To all the Brave and strong Kayakers –
Thank you. Thank you for being strong enough, and brave enough to pull together to make the trek again this year. My mom, I am sure, is smiling down on you, helping to keep the skies clear, and the wind at your back.
I wanted to send a quick note to the group, on this final stretch to Ottawa to share with you how the money raised for Cancer research is helping to make a difference. Dr. Bells group at the Ottawa Hospital has been investigating the ability of live, replicating viruses to kill cancer cells. These are not naturally occurring viruses, these are viruses that have been specifically engineered to find and kill cancer cells. These viruses are called Oncolytic Viruses – so called for their ability to replicate specifically in cancer cells, whilst leaving normal cells unharmed. Laboratory research has shown that not only are these viruses safe, but after systemic administration lab animals can be cured from metastatic disease, with nothing more than flu-like symptoms.
Through years of basic research in lab animals, and several toxicology studies to satisfy regulatory agencies, there are now several oncolytic viruses in human clinical trials. Since the concept of injecting a live replicating virus into people (herpes, measles, polio, and poxvirus included) seemed like a crazy idea at first, it has taken several years to establish that these virus treatments are actually very safe in people. Now that safety has been established, Oncolytic Virus trials are now testing to see if these cutting edge treatments can make a difference for cancer patients.
I recently attended the International Oncolytic Virus meeting, where experts in the field gathered to share progress and discuss how to improve these therapies for cancer patients. At the meeting, several researchers and clinicians shared unpublished results from ongoing clinical trials. In one clinical trial, a researcher was presenting his results from a brain cancer study using a Polio oncolytic virus. All of the patients entered in the study had failed all prior treatments, had undergone several brain surgeries, and had no more options. The doctor had treated 5 patients with polio virus, and of those 5 patients – 4 of them had experienced a complete regression of the tumour. During this presentation, the entire audience – full of scientists, and medical oncologists – was so silent, you could hear a pin drop. As he presented the results from each patient, I was getting goosebumps, and tears in my eyes. And I wasn’t the only one. It is working. A 20-year old woman with terminal brain cancer experienced complete regression of her tumour after an injection of live polio virus. After 20+ years of basic research, and a long road to approvals for human clinical trials – there is hope.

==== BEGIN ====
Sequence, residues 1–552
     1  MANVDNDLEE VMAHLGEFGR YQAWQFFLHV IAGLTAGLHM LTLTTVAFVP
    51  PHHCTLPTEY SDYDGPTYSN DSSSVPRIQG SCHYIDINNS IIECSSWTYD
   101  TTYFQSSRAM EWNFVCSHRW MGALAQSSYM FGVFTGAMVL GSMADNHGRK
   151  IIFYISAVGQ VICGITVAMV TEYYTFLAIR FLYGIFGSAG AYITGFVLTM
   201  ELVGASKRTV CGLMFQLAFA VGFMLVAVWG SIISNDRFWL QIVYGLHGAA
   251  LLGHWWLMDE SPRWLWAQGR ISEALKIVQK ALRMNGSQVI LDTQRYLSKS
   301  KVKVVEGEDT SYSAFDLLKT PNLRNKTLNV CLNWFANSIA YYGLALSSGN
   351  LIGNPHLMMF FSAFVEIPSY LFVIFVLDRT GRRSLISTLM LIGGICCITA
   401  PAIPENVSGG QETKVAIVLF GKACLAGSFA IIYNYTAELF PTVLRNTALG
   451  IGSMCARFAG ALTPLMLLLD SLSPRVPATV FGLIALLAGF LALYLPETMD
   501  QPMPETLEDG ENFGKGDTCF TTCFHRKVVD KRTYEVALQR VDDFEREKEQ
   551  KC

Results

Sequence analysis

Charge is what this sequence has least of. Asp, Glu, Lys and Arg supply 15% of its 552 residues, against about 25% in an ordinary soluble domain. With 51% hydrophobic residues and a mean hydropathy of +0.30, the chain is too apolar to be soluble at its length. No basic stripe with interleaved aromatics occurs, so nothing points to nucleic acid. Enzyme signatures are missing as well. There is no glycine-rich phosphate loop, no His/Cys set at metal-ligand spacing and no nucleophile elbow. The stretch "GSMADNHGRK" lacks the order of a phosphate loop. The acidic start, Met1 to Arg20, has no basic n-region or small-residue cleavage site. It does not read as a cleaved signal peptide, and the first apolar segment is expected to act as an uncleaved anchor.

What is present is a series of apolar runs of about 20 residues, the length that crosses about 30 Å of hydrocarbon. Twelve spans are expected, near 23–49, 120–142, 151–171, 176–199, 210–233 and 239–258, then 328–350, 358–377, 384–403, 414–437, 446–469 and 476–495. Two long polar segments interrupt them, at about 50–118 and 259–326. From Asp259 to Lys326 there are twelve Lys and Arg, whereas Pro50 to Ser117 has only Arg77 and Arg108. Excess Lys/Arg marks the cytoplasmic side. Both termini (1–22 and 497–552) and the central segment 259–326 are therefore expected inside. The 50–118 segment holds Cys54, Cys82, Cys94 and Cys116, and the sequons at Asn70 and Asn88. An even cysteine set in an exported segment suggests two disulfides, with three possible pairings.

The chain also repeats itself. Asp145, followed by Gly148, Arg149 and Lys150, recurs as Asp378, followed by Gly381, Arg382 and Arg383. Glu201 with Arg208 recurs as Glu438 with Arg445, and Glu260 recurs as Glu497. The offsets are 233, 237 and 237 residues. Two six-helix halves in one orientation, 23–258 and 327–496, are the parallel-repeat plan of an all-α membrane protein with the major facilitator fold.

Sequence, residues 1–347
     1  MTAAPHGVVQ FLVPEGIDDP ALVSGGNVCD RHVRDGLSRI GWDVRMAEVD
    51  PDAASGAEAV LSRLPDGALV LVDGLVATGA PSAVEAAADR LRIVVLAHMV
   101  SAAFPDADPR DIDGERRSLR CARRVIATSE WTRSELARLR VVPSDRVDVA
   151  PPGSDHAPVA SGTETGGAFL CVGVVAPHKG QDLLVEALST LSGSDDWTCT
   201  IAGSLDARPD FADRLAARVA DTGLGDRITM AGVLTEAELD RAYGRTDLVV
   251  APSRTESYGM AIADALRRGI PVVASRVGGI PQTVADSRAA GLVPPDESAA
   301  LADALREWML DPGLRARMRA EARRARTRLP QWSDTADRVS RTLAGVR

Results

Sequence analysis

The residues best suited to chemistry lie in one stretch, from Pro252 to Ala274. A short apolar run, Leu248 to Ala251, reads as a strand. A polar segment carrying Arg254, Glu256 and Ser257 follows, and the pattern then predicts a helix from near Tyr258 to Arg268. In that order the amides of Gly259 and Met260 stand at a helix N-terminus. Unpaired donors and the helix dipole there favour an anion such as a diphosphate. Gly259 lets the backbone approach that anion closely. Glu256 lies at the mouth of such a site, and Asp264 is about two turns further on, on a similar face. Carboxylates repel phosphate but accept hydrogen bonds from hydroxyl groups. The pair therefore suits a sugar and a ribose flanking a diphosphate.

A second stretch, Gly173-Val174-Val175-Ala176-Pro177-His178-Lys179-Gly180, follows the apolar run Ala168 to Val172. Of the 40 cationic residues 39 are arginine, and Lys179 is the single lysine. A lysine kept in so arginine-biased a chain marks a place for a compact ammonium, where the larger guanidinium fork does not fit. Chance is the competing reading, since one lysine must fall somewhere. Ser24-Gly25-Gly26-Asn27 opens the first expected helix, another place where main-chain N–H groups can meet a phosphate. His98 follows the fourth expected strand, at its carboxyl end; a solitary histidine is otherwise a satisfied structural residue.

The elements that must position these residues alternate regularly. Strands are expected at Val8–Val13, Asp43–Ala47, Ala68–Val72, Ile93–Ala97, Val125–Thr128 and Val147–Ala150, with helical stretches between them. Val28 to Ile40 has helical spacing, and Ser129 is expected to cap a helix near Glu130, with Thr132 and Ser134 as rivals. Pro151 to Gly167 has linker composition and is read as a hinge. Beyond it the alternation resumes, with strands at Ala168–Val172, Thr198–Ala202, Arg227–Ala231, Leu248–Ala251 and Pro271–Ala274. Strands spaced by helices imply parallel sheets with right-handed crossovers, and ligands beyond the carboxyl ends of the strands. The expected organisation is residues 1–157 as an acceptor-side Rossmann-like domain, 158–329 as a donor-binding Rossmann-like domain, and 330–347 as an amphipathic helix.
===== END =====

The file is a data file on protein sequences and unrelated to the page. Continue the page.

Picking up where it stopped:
I am still working in the cancer research field at the Ottawa Hospital, working directly with Dr. John Bell. Dr. Bell is the so-called ‘grandfather’ of the oncolytic virus field. After losing his first child, his daughter to leukemia at age 4 – he has dedicated his life to helping to fight this disease. Right here, in Ottawa, our group is focused on taking new research discoveries, and translating them as quickly, and cost effectively as possible to the clinic. I am very proud to say that a new Oncolytic virus therapy is soon to be entering clinical trials right here in Ottawa. We hope to have the trial open as early as June of 2014 to first establish this new viruses safety in humans.
Most importantly, our cancer research continues so we can discover other oncolytic viruses, for the treatments of other types of cancers. All research dollars matter, and they make a difference. Already we have several more viruses poised for clinical development starting tomorrow. With your support, we can keep hoping for more tomorrows, where one day we may just find a therapy that can make a real difference for cancer patients.
There are no words to explain the pain and anger of losing someone to cancer. In a few years when the pain is not so fresh - I hope that I will be able to join you in the Kayak trip. Know that I am thinking of all of you, and I thank you for remembering, and pushing forward.
Hope to see you at the finish line,
Julia Rintoul, Ph.D.
Ottawa Hospital Research Institute
Centre for Innovative Cancer Research